Cheers to everyone who made it out Friday night for the CFDC Social, and thanks again to Brendan for organizing (and congrats again on the new job!). If you didn’t/couldn’t make it, don’t worry, we’ll be better about organizing more.
A serious warm-up usually means a serious class, and seeing as how the warm-up was done on the basketball court, making each exercise a full length, you knew something good was in the mix.
Cheers to Matt and Ethan for the Blourpees; there would’ve been an additional 20 for Brendan, but seeing as he bought everyone drinks at the CFDC Social, he understandably got a pass – we are not beyond bribery!
Great work everyone, keep it up! Now read on for a follow up op-ed regarding scaling, especially as it concerns form and intensity.
As a follow-up to last week’s post regarding good form and efficient movement, I thought I would give some quick commentary on scaling. I fear that some of us are attaching a negative connotation to the word “scaling,” as in “oh, I had to scale the _____ today… I’m too weak/I wimped out”. Nothing could be further from the truth! Scaling is about mastering, and thus optimizing, your own progress. That is never a bad thing. Adaptation doesn’t come from continually trying to get through workouts beyond ones scope. Progress is a product of relentlessly hammering the weak links, so you can move up the ladder of difficulty. Keep in mind that progress is often a 2 steps forward, 1 step back type of game. So long as we maintain that general forward trend, we make progress.
Scaling can be done by lowering the weight, lowering the reps, lowering the time, lowering the distance, or by altering or changing the exercise itself. However, scaling is not about lowering the weight, lowering the reps, etc., even though it’s made up of those things. No, scaling is about the amount of work done. Scaling ensures intensity. By this point, I’m assuming we all know that “intensity” in a workout is going to be different for each of us; what may be intense for Tom (800m swim, perhaps) isn’t necessarily true for Salty, and vice versa (say, 5 x 355 box squats with bands and chains).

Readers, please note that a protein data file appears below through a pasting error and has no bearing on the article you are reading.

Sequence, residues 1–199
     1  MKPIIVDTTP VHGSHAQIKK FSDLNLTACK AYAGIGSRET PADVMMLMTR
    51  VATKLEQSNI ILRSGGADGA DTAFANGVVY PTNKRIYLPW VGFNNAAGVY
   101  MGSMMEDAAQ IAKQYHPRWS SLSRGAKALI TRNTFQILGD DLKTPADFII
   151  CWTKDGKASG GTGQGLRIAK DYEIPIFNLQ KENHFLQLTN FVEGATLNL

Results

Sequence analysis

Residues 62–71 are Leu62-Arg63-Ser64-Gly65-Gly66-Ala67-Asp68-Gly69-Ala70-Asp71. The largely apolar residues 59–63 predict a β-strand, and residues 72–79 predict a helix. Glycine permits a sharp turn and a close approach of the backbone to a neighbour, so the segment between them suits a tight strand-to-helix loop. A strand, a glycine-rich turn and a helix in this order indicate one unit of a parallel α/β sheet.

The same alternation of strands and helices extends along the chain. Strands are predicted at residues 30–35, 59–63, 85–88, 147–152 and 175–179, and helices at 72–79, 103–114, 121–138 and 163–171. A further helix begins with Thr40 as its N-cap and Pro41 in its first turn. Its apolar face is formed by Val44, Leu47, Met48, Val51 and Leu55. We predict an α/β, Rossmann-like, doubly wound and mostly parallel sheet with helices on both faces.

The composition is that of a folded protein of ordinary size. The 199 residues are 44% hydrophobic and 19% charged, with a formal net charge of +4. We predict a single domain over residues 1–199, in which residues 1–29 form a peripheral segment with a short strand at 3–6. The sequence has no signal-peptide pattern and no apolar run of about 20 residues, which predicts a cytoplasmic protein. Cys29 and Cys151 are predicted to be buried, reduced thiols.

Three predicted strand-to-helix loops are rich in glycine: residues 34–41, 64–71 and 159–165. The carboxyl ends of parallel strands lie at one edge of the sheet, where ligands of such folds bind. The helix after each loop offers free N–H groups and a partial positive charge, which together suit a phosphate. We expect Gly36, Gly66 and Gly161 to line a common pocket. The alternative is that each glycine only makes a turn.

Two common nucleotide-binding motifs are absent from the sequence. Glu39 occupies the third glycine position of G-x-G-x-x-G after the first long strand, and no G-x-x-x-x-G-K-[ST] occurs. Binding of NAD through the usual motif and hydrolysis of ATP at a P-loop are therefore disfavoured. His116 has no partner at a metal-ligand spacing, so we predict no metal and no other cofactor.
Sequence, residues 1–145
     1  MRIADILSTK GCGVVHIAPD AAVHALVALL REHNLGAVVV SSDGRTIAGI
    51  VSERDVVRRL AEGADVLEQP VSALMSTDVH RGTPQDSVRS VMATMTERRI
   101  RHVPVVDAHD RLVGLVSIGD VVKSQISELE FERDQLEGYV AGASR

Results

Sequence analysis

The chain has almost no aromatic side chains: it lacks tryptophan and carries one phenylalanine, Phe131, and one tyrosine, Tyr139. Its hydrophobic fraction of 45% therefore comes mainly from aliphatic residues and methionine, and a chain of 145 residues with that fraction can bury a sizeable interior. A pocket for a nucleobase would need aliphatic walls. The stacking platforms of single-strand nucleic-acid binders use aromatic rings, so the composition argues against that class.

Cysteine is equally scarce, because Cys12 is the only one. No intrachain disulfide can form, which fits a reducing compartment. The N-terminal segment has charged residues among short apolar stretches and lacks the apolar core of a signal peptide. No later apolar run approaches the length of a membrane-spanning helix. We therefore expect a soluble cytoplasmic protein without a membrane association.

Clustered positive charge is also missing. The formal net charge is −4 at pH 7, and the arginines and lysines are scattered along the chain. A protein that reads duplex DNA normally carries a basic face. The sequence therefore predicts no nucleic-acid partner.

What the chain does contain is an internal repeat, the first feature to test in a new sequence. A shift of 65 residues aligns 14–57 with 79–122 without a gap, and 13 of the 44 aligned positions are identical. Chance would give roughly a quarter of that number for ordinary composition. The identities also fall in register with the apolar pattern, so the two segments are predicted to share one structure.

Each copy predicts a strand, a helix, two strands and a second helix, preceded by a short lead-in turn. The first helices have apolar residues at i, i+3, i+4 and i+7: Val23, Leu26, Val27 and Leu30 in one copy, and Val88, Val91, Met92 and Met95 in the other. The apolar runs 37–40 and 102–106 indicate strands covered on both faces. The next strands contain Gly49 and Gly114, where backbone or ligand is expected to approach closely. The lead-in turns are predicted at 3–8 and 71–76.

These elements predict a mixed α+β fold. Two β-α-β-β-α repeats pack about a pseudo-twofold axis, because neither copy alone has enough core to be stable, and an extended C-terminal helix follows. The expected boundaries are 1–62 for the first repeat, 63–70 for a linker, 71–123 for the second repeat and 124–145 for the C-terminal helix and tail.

So what is appropriate scaling? That depends on a whole host of variables, but most of it is pretty obvious (strength, endurance, flexibility, mobility – all the things we’re working on in class, oddly enough…). Let’s use the most recent class as an example.
In a strength session like Sundays, the easiest scaling option would be to work at a sub-optimal weight – i.e., a weight that’s lighter than what you would normally work at. The focus of your work sets then becomes either making each rep as perfect as you possibly can, or making each rep extremely dynamically explosive. In extreme situations, scaling could also include using a different exercise that targets the same muscle groups, say for someone with low back or hip issues. However, scaling in a low volume strength set like Sunday’s does NOT include working heavy for fewer reps than prescribed – that would be numbers chasing. If you can’t lift it for 3, good reps, then you have too much weight on the bar.
To further my example, I’m going to highlight Amelia and Erica, who worked together on Sunday. On Saturday, Amelia and Erica both did a full brick workout (24mile bike ride followed immediately by a 10k run). As such, they decided to scale back on Sunday with their DLs, working at a lighter weight but using the opportunity to perfect their form. This was a great opportunity realized through smart-decision making, and I can guarantee they both got more out of the workout than they would’ve had they pushed themselves to try and workout with their usual weights.
So now we come full circle to the comment that got brought this subject to the forefront, at least to us as coaches: when Dian opted to do regular burpees last week instead of double push-up burpees (which were scaled forms of the clapping-burpees), she was simply scaling the workout another step to help ensure the workout was manageably intense for her. This was absolutely the correct thing to do, and ensured her continued fitness progress. Had she not scaled, it’s likely she would not have finished the met-con, or it would’ve taken far too long, both of which are counter-productive. Neither Dian, nor any of the rest of you, need ever feel that scaling is negative. Remember, it’s not about what’s intense for anyone else, it’s about what is intense for you!
Feel free to sound off in the comments about this and/or the workout (including weight used for the DL).